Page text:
Finally, The Combat
The action in Rise of the Argonauts is your standard hack n’ slash styled gameplay with upgradeable skills and multiple weapons which you can change on the fly. Actually, you can start and finish a combo with a different weapon which is pretty cool. The controls are simplified making each weapon feel natural in Jason’s skill arms. The enemy A.I. isn’t the best, but it also isn’t the worst. Few enemies will really challenge you as an avid gamer, but the enemies will try their hardest to block, perry, and surround you with a gang mentality. There is no HUD in the game, so it is a little hard to tell if you are close to death, until the action slows and the music changes. I would have a liked a little more notification so I could have balanced the combat a little more evenly between defence and offense.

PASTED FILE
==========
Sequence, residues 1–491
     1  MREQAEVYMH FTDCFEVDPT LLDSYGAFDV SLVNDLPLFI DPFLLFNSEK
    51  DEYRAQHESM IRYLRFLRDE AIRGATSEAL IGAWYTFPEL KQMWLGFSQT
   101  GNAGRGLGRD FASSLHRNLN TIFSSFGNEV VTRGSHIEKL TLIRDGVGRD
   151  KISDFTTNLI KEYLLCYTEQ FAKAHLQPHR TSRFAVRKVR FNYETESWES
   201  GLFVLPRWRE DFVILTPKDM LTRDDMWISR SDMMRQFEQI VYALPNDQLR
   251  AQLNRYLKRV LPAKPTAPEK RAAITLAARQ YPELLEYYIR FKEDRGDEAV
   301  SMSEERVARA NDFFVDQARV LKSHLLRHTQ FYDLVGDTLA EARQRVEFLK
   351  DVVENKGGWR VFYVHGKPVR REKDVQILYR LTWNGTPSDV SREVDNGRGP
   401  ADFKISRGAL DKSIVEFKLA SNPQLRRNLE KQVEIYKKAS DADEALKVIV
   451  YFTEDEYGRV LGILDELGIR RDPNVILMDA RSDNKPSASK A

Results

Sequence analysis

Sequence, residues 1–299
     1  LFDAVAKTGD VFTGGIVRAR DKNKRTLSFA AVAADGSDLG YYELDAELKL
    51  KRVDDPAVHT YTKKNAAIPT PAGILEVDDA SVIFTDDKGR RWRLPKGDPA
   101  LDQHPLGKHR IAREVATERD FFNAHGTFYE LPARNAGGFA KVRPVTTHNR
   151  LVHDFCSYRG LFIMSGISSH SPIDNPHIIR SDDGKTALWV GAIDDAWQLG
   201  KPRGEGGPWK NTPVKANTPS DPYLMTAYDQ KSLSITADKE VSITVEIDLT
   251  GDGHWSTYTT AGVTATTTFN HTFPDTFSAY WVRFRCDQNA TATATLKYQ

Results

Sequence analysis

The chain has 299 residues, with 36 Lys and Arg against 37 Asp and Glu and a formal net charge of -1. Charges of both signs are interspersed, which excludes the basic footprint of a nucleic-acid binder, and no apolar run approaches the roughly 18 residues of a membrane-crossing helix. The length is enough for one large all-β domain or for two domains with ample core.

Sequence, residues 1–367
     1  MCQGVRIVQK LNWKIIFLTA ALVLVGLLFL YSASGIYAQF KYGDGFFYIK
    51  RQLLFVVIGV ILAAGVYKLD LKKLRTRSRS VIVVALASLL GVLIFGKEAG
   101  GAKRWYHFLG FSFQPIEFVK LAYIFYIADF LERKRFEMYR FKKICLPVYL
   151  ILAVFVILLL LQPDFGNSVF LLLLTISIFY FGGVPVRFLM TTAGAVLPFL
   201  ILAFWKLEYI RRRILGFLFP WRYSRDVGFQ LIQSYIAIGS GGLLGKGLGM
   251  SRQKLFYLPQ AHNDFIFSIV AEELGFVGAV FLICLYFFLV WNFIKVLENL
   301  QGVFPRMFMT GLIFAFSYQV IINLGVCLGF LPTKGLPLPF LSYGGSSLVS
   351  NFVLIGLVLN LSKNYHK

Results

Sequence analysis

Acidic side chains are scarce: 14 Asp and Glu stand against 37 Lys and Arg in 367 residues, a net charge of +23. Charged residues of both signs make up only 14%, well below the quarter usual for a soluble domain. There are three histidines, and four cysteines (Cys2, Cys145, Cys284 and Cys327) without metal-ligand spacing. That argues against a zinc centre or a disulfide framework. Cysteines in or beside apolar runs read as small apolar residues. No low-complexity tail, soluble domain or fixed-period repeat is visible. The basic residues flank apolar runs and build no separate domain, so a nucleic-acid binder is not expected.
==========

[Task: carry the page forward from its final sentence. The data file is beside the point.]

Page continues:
Each weapon actually changes the way you approach each enemy. The three weapons that are at Jason’s disposal is a bone crunching mace, a quick and fast sword and the extended reach of a spear. Depending on your playing style you will likely gravitate towards a particular instrument of death. In my game I kept a healthily balance with a slight liking to the dismembering sword. Jason also wields a large circular shield that stays by his side for the adventure giving Jason an excellent wide blocking area, along with a bulldozing motion to push enemies back. Jason is the be-all-end-all of warriors in the game. Even the invincible hero Achilles will be challenged by Jason’s formidable skills.
Pick Your God